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Former Rebel Leader’s Return Could Upend DRC Election


FILE - Jean-Pierre Bemba takes his seat in the courtroom of the International Criminal Court in The Hague, Netherlands, March 21, 2016.

The re-emergence of a former rebel leader convicted of war crimes could make the Democratic Republic of the Congo’s upcoming presidential election even more volatile.

Jean-Pierre Bemba will return to Congo in August and plans to run for president in the country’s December polls, said Eve Bazaiba, the secretary general of the Movement for the Liberation of Congo.

Bemba could galvanize a base of supporters eager to see incumbent President Joseph Kabila dislodged from power. But observers worry about the possibility of violence in a country already on edge.

Flouting term limits

In 2001, when he was just 29 years old, Kabila rose to power days after his father, Laurent, the sitting president, was assassinated.

He won elections in 2006 and 2011, reaching the end of his second, and final, term in 2016. But elections for a successor were delayed in a move that drew widespread condemnation.

FILE - Democratic Republic of Congo’s president, Joseph Kabila, addresses a news conference at the State House in Kinshasa, Democratic Republic of Congo, Jan. 26, 2018.
FILE - Democratic Republic of Congo’s president, Joseph Kabila, addresses a news conference at the State House in Kinshasa, Democratic Republic of Congo, Jan. 26, 2018.

Now, with the country set to vote at the end of the year, the international community has grown increasingly concerned that Kabila will seek a third term, in violation of the constitution, or cause further delays.

“Kabila is, for sure, trying to run in these elections. This is his ‘Plan A,’” Adeline Van Houtte, a research analyst at the Economist Intelligence Unit, told VOA.

One way Kabila could try to stay in power, Van Houtte said, is by exploiting a loophole in the constitution, which the country changed in 2011. That amendment reduced the number of rounds of voting for presidential candidates from two to one, a change that Kabila might argue resets the number of terms he’s been in office.

If that doesn’t work, Van Houtte said, Kabila might hand-pick a successor and retain power in an informal role.

Warlord-turned-politician

After leading rebel forces in Congo’s civil war, Bemba became one of four vice presidents serving under Kabila in 2003.

He ran against Kabila for the presidency three years later, securing 42 percent of the vote to Kabila’s 58 percent in a hotly contested runoff election.

Bemba’s political aspirations soon dwindled.

In 2008, he was arrested and later charged with war crimes and crimes against humanity. The charges stemmed from actions that troops under Bemba’s command took in the Central African Republic in 2002. His trial began in 2010 and became one of the International Criminal Court’s most high-profile cases, with a guilty verdict coming six years later.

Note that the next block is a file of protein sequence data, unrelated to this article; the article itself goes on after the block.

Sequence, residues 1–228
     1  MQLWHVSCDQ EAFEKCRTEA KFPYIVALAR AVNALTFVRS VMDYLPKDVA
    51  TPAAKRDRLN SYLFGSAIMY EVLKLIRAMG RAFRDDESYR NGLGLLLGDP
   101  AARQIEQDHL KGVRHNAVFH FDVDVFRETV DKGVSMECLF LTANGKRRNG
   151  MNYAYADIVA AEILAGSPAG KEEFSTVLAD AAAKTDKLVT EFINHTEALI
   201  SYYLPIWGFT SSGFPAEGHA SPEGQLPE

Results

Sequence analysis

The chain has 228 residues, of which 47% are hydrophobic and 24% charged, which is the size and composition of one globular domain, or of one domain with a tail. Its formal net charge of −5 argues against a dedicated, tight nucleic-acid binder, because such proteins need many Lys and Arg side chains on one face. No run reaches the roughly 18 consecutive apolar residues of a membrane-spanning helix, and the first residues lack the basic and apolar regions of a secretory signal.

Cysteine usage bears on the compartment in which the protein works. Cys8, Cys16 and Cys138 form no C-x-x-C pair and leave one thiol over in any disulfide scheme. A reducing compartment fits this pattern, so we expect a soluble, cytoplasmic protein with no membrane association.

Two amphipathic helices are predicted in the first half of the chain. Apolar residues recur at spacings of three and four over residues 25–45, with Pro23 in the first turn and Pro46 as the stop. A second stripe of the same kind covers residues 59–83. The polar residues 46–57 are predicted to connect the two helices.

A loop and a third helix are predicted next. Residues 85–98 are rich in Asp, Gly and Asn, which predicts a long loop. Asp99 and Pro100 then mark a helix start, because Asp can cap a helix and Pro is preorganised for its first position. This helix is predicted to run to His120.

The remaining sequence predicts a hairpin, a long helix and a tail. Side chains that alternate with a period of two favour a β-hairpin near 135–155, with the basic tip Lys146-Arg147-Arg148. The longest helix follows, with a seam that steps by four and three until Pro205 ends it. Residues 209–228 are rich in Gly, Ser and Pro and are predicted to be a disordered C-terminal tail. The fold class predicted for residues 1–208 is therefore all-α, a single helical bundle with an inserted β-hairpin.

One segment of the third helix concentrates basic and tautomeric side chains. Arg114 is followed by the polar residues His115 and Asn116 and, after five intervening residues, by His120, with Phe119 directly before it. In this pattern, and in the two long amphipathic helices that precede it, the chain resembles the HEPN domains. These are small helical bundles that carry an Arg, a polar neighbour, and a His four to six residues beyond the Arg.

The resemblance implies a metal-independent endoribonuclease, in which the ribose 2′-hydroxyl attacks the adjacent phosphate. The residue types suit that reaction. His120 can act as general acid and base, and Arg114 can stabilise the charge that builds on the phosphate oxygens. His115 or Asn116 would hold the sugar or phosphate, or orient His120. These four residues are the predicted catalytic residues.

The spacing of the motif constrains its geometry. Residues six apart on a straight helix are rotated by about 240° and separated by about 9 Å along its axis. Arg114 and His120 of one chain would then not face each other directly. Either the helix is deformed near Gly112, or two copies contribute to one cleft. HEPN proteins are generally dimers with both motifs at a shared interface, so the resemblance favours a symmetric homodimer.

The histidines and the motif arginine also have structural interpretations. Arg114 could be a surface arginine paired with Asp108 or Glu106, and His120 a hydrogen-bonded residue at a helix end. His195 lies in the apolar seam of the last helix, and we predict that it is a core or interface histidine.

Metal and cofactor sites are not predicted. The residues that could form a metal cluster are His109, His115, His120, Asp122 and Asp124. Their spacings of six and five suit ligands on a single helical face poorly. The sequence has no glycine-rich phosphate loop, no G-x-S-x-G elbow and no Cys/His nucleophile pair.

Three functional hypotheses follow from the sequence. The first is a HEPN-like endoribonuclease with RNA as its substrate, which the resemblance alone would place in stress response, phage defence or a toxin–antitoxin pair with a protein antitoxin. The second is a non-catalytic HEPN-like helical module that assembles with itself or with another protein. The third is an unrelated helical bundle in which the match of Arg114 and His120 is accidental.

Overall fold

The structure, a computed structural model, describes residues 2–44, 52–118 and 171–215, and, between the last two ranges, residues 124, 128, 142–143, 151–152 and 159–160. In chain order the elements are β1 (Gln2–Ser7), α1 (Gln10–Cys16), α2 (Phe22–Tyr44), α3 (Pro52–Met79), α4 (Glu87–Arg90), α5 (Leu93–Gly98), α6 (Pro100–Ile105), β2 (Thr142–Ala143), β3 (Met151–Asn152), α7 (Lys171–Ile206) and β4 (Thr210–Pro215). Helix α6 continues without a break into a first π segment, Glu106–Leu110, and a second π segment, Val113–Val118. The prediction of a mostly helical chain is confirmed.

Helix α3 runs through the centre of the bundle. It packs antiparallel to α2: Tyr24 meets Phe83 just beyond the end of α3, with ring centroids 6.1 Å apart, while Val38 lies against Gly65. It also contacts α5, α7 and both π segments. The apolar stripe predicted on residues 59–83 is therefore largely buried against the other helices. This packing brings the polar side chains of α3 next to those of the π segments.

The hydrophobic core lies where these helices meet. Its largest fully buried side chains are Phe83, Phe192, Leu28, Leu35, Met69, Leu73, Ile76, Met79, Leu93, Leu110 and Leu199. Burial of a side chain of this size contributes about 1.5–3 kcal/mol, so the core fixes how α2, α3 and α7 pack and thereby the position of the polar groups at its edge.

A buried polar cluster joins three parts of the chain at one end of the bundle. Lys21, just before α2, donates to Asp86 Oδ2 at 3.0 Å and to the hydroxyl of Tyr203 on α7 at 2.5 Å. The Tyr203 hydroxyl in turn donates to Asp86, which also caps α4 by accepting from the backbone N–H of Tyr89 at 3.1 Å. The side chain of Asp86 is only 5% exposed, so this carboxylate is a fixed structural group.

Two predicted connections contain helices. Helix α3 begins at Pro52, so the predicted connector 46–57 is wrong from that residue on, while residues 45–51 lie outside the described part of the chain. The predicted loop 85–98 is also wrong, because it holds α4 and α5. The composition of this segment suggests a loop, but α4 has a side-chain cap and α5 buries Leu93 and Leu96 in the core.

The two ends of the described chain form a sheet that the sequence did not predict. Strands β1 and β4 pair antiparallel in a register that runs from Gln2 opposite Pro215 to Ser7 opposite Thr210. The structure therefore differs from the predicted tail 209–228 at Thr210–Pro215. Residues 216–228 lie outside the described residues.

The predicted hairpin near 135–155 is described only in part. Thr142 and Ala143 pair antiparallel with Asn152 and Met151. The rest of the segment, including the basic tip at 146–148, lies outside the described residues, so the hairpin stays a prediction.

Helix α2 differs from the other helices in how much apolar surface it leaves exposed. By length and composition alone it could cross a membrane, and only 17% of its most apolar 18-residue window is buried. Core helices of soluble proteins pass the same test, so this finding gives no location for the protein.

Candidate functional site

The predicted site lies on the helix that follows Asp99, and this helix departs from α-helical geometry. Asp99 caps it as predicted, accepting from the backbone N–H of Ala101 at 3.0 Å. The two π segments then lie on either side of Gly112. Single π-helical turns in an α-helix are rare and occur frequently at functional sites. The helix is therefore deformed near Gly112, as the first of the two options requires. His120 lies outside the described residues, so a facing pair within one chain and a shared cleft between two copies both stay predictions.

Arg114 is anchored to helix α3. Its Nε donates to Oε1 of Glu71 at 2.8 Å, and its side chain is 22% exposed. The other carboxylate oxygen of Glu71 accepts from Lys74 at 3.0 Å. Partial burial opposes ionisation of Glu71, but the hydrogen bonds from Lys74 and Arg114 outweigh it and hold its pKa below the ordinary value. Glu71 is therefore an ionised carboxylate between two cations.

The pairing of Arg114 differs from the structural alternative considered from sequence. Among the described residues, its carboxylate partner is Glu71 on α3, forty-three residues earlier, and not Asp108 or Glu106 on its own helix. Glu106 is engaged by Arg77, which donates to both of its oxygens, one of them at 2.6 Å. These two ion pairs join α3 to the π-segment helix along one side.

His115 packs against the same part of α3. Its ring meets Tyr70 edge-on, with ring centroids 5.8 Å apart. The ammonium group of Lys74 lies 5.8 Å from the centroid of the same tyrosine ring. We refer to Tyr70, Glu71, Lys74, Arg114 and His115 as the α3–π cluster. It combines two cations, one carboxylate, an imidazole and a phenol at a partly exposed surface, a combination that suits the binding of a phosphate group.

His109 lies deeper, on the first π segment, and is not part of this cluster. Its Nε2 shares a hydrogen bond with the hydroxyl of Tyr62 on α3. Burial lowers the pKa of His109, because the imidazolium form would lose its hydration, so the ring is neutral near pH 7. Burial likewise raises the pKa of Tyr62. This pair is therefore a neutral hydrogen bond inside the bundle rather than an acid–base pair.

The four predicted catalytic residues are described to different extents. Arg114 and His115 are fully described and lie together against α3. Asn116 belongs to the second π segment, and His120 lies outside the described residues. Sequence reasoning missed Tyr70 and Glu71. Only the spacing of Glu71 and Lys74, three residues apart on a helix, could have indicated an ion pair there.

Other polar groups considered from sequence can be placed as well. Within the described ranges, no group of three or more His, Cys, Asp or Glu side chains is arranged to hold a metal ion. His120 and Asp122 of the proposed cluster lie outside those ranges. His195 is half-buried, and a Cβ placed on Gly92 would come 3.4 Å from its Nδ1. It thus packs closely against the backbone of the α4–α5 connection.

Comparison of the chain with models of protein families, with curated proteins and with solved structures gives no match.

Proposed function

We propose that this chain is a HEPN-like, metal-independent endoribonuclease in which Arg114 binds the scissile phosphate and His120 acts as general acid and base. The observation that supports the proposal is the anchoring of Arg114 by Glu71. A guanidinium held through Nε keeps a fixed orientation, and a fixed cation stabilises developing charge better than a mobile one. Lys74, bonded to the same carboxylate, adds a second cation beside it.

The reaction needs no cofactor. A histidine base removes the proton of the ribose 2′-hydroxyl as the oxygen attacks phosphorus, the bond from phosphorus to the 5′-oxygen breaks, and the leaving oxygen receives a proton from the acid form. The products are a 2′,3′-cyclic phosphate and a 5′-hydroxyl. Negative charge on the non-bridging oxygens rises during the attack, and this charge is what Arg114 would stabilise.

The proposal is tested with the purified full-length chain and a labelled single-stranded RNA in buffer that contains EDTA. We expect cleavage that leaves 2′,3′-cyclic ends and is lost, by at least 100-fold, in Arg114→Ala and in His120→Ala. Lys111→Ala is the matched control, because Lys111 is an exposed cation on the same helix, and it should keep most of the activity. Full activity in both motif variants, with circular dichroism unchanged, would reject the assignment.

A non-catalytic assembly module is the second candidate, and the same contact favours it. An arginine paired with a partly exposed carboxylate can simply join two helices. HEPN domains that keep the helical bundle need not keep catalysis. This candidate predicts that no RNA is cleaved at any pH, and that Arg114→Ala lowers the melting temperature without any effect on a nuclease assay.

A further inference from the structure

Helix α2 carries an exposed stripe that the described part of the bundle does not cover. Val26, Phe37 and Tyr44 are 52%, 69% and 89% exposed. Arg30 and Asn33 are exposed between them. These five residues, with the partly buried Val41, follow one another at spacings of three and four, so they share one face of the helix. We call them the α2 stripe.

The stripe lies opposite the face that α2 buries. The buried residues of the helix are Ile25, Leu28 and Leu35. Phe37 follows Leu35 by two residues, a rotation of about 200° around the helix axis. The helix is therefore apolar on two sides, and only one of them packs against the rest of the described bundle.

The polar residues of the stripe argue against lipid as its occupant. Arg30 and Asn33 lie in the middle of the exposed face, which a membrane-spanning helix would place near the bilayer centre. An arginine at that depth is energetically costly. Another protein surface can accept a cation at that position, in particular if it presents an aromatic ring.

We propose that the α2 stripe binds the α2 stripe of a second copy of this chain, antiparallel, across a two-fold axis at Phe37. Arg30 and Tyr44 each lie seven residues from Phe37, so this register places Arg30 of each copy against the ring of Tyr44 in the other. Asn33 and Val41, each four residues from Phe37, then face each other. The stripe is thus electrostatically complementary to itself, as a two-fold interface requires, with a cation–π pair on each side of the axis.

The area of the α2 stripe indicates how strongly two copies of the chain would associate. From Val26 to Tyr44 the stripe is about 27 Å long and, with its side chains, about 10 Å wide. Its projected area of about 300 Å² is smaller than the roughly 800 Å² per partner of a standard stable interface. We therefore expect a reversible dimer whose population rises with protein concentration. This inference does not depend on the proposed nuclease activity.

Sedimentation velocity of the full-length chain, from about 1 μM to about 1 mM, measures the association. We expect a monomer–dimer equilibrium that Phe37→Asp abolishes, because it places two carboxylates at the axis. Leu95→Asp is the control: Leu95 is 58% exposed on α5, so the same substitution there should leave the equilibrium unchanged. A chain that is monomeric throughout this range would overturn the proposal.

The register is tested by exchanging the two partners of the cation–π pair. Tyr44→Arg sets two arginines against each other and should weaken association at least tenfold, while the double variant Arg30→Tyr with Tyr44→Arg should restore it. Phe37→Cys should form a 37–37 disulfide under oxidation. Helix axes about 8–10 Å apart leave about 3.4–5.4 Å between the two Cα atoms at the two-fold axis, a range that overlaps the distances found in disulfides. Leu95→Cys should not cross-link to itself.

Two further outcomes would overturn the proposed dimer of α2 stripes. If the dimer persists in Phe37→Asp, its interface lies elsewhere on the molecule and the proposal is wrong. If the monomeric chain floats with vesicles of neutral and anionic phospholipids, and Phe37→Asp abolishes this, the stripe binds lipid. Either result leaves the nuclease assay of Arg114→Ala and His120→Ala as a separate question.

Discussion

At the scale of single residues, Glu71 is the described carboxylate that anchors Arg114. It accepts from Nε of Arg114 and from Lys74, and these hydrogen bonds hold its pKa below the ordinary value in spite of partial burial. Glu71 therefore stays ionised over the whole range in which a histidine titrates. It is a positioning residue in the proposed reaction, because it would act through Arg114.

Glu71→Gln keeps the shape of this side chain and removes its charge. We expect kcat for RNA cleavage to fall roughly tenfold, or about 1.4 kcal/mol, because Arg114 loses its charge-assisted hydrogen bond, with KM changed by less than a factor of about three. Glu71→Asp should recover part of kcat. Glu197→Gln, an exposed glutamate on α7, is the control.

But last month, Bemba’s convictions were overturned, on appeal, by the ICC, paving the way for his return to the DRC.

‘Dangerous’ connections

Despite the accusations of human rights violations and the time he spent outside the country, Bemba still has a large base of support, especially in the north and west of the DRC.

His return could bring instability to an already contentious process because he has the capacity to start a movement, Van Houtte said.

Congolese voters might otherwise accept another delay or a hand-picked successor, but Bemba could force a reckoning, if Kabila refuses to relinquish control, or if questions about the credibility of the election gain traction.

“[Bemba] has the ability to find support at the grassroots level, and he has connections in former rebel networks. So that could easily become dangerous,” Van Houtte said.

Bemba could also help Kabila by dividing the opposition.

“It risks complicating the opposition’s effort to unite behind a single presidential candidate,” Van Houtte said. “Bemba announced that he would like, at least, to have a single candidate for the opposition, but that doesn’t mean that they will agree on this.”

It’s also not clear how strong the field of opposition candidates will be.

One potential challenger, Moïse Katumbi, a wealthy businessman and the former governor of Katanga Province, has faced intimidation since declaring his candidacy in March. He was forced into exile in Belgium in June and is being tried by Congo’s Supreme Court on charges of “harming domestic security.”

So far, he’s attempted to campaign remotely via the internet.

Congolese protest against President Joseph Kabila’s refusal to step down from power in Kinshasa, Democratic Republic of Congo, Dec. 31, 2017.
Congolese protest against President Joseph Kabila’s refusal to step down from power in Kinshasa, Democratic Republic of Congo, Dec. 31, 2017.

Unknown intentions

Congo has been besieged with war and violence during Kabila’s tenure, and international pressure continues to mount for the country to respect the term limits enshrined in its constitution.

Key officials were sanctioned ahead of the planned 2016 election due to concerns they had used violence and intimidation to delay the vote.

And Thursday, in a meeting with the United Nations Security Council, U.S. Deputy U.N. Ambassador Jonathan Cohen expressed the United States’ regret that Kabila has not yet confirmed that he won’t run for a third term.

Kabila has made no official announcement of his intentions, but recent moves suggest he’s getting ready for a fight.

In May, he appointed three high court judges likely to be sympathetic to his interpretation of the constitution.

Earlier this month, he reshuffled the army, giving high-level promotions to several generals under international sanctions for violent crackdowns on civilians.

Candidates have until August 8 to register their campaigns.

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